This Week's Message

19th Sunday in Ordinary Time

Reflection on this Sunday's Gospel

The Gospel this Sunday contains an epiphany: Jesus is revealed as God, and with their little faith the disciples recognise this and worship him.

Jesus comes to the disciples in the fourth watch of the night, probably sometime just before dawn. They have been fighting with headwinds ever since he left them the previous evening. And when Jesus meets them, he reveals his divinity to them saying “It is I” and urges them, as he and the prophets before him so often did, not to be afraid. At the end they do him homage, just as did the magi before the crib.

It is interesting, I think, that all this happens not after the feeding of the multitude but in the fourth watch of the night. Jesus left the disciples the previous evening and spent the night in prayer while they battled against headwinds. They have not despaired as they do on other occasions, but it has clearly been a hard time. It is sometime after 3 am, and probably close to the first light of dawn, that he comes to them.

As many people struggle at the moment with what is becoming a long night and find themselves against strong headwinds this Gospel reminds us that Jesus is God. He comes with all the strength and power over things that threaten us of the one who is the Lord of Creation. That this encounter happens only after the disciples have had the experience of a hard night should give us hope and courage. The dawn will come, and when it does our Saviour will be revealed and our hearts will be filled with joy. In the meanwhile, our little faith will be enough, and the Lord will hold us firmly by the hand and pray to his Father on our behalf.

God And Technology


I am delighted to welcome you to our new parish website. Please do have a look around.

The website is the fruit of the work of the parish Technology Review Group and they have produced a short overview which you might find helpful. It can be downloaded from the new site by going to the Contacts and Documents page and scrolling down to the Useful Parish Documents section. We have used a well-respected church website platform “Faithlife” as its base which should ensure that it continues to look fresh and work well on tablets and mobile devices.

On behalf of the parish, I would like to express our particular thanks to Ian Honeysett and Cathy Sanderson for their excellent work on the website which has supported the parish mission for many years, and to the Technology Review Group (TRG) for their preparation of the new site.

There are other features which the site offers which we hope to roll out in the future. In the meanwhile comments about the new site and suggestions for its ongoing development can be sent to the TRG through Alan (alion@btinternet.com).

As long ago as 2003, St John Paul II recognised that “The growth of the Internet… provides an unprecedented opportunity for expanding the Church’s missionary outreach, since it has become a primary source of information and communication for so many of our contemporaries, especially the young.” Please join with me in praying that our new website will both draw others to a deeper faith in Christ and call forth a greater commitment to the proclamation of the Gospel in our lives.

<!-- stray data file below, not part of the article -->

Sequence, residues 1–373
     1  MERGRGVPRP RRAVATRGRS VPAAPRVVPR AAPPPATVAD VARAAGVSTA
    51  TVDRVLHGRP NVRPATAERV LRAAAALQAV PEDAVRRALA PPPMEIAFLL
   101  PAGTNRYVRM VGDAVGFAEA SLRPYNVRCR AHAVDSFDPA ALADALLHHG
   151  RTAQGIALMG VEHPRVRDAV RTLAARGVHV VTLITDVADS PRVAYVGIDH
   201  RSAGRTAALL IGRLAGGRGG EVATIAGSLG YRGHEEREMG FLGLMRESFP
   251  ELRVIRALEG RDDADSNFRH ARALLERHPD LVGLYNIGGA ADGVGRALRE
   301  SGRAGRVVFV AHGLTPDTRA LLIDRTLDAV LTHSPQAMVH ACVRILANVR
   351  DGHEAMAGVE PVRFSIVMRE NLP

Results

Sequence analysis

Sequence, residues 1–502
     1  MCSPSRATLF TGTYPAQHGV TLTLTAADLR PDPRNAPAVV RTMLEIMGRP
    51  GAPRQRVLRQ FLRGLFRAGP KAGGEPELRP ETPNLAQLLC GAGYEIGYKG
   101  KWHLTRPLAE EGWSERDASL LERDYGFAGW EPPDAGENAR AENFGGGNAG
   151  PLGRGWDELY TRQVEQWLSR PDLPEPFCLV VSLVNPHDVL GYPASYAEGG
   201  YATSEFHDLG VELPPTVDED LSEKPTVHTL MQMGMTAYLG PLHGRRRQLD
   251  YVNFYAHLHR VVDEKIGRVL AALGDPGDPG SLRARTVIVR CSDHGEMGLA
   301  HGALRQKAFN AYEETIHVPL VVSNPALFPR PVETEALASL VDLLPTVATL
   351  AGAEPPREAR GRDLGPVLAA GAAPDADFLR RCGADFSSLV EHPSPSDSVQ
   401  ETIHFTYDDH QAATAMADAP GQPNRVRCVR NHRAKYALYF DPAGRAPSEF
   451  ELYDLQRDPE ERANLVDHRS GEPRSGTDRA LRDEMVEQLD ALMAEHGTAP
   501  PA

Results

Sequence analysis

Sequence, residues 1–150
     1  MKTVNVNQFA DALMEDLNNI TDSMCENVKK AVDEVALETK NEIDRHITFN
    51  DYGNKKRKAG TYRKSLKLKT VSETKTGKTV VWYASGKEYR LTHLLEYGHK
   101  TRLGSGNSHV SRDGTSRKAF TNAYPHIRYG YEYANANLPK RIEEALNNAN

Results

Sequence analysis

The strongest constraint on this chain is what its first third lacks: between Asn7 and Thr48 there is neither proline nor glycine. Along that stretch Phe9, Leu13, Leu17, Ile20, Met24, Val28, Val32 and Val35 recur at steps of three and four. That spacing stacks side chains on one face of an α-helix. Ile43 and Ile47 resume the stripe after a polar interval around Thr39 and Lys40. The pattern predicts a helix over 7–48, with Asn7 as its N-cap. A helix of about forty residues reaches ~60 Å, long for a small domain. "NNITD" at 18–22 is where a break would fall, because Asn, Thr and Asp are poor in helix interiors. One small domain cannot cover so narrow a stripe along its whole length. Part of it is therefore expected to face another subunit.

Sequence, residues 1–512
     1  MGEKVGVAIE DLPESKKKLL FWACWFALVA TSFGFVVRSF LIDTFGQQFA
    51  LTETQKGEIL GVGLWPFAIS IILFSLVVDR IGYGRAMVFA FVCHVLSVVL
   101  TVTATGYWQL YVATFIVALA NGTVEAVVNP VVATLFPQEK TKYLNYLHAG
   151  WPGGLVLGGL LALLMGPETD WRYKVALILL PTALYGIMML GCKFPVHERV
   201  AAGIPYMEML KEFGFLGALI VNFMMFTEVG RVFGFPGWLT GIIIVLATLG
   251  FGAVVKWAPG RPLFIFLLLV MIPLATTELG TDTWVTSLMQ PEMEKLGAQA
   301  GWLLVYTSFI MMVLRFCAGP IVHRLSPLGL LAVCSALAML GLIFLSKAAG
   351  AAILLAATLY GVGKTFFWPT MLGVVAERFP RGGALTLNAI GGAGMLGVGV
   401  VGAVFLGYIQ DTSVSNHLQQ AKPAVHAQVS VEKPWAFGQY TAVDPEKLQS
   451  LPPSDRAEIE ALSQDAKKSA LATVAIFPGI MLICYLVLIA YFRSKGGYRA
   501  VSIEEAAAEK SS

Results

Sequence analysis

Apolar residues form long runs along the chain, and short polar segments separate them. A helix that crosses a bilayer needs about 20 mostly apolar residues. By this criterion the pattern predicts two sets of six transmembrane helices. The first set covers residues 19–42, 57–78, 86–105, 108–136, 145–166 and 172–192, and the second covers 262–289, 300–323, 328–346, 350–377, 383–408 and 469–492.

With my best wishes and prayers for you all,

Fr Jonathan

WHO ARE YOU ABLE TO HELP TODAY?

This message comes from Bible Alive. It speaks to us all:

“How seriously do you take the call to evangelize? Do you think that evangelization is primarily the work of priests or religious? Does the idea of sharing your faith make you embarrassed or awkward? Well, the truth is that most of us feel a little embarrassed or awkward about sharing our faith. If it is any consolation, many priests and bishops probably do as well.


Why is this? Well, one reason, which can appear to be a very sensible one, is that we don’t want to impose ourselves or our beliefs on others. We comfort ourselves with the thought that others are better equipped and more able, evangelism is a kind of Christian specialism - rather like a brain surgeon is a specialist in their area of medicine and a criminal lawyer is a specialist in their area of law.


The problem with all of the above is that it is simply misguided and wrong. We are all called to evangelize. And sooner or later, whether we like it or not – and most of us don’t like it – we need to share with others the hope we have in Christ. The thing is, it’s not that difficult and people do actually want to hear it! We are the ones who wrongly conclude that people aren’t interested – but they are. If you have a joy about you, a sense of peace, a presence or an attraction, because of the way you live, think, speak and act, then you have already prepared the ground. 


We can be rather like a football team who do all the hard work to get into a goal-scoring position only to fail to score the goal when the opportunity presents itself.”


Prayer: Lord, you have commissioned me to spread the good news to the four corners of the earth. Make me a joyful, enthusiastic and confident witness. 

WHO ARE YOU ABLE TO HELP TODAY?